“Knowing when they’re out of stock is not something that everyone is good at in online retail,” Gaffney said. “They may not have all of their systems hooked up to all of their inventory across their store locations to know where their inventory is, how they’re going to get it, and when they’re out. It’s really frustrating for customers when they try and order something only to find out they can’t have it for a while, and that wasn’t known to them when they placed the order. Those are going to become focus areas for retailers in this undetermined amount of time.”
E-Commerce Demands Pressure Supply Chains, But Lead The Way For Automation, Communication
While the surge in e-Commerce ordering drives more immediate revenue for retailers, it puts added pressure on the supply chain. Amazon has already had to ban receipt of non-essential items from marketplace sellers at its U.S. and UK fulfillment centers to prioritize space for high-demand products and medical supplies, and there have been reports that some Amazon Prime deliveries have been delayed by up to a month. Given that most other retailers don’t have the robust supply chain and fulfillment networks that Amazon does, it’s likely that many are feeling stretched thin with delays of their own.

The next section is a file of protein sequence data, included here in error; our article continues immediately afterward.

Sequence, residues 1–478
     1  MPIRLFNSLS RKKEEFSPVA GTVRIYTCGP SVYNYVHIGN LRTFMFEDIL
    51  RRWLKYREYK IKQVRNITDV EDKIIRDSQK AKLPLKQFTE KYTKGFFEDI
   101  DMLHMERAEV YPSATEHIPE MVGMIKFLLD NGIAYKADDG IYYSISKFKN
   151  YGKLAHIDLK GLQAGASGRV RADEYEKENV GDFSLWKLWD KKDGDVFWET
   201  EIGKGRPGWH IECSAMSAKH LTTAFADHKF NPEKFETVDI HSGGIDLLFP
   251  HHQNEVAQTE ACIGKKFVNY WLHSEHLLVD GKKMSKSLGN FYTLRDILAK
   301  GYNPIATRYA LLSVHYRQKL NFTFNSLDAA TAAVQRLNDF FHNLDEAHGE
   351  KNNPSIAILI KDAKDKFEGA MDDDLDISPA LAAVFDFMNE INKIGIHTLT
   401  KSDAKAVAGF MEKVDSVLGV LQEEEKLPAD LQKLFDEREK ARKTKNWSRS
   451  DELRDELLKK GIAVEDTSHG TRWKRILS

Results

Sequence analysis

In fact, in early March, 20% of shoppers already had had an e-Commerce delivery delayed or canceled due to coronavirus, according to ShipStation.
The demand spike already has forced sellers and logistics providers to adapt, with Amazon and Walmart both hiring hundreds of thousands of fulfillment-related employees. As the supply chain has tightened over the past few months, retailers are revisiting their strategies for order fulfillment and delivery, including potentially slowing down fast-shipping strategies in order to keep up with the surge and keep workers safe. If product shipment is slow, then retailers and suppliers must at the very least keep communication open and transparent with both each other and customers.
“At eTail West, the CIO of Williams-Sonoma said that they really invested a lot in making sure you could see where a shipment was along the way,” Gaffney said. “They measured that people checked their shipping information a minimum of four times. The visibility of where orders are in the shipment process needs to be updated and built upon.”
In the long term, retailers may actually benefit once overall demand levels out, because many retailer-supplier relationships still rely on manual processes, rather than automation with data exchanged electronically.